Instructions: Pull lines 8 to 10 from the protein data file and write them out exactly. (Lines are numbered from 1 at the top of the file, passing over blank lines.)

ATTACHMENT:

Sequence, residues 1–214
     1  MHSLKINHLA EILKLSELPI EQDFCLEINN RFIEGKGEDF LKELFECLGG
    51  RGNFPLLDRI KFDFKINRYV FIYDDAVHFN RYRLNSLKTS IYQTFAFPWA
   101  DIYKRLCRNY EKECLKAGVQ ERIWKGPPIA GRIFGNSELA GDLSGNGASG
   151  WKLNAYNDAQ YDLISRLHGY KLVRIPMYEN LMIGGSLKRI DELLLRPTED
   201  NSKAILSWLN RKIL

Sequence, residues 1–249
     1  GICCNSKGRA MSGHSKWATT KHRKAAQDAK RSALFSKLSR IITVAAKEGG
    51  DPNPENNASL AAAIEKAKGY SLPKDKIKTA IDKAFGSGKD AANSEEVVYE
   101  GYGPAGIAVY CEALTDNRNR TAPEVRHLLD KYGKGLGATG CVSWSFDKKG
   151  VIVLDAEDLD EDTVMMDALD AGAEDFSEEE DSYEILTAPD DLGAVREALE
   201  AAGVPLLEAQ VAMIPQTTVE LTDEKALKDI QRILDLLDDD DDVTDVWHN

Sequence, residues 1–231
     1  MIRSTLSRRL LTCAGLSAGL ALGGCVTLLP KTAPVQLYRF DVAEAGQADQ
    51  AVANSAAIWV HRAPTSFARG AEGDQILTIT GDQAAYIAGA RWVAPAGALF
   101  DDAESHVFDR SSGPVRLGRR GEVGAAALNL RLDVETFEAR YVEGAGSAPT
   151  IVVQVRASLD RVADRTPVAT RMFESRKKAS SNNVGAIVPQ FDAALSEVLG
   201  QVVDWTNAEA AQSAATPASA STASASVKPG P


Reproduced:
     1  GICCNSKGRA MSGHSKWATT KHRKAAQDAK RSALFSKLSR IITVAAKEGG
    51  DPNPENNASL AAAIEKAKGY SLPKDKIKTA IDKAFGSGKD AANSEEVVYE
   101  GYGPAGIAVY CEALTDNRNR TAPEVRHLLD KYGKGLGATG CVSWSFDKKG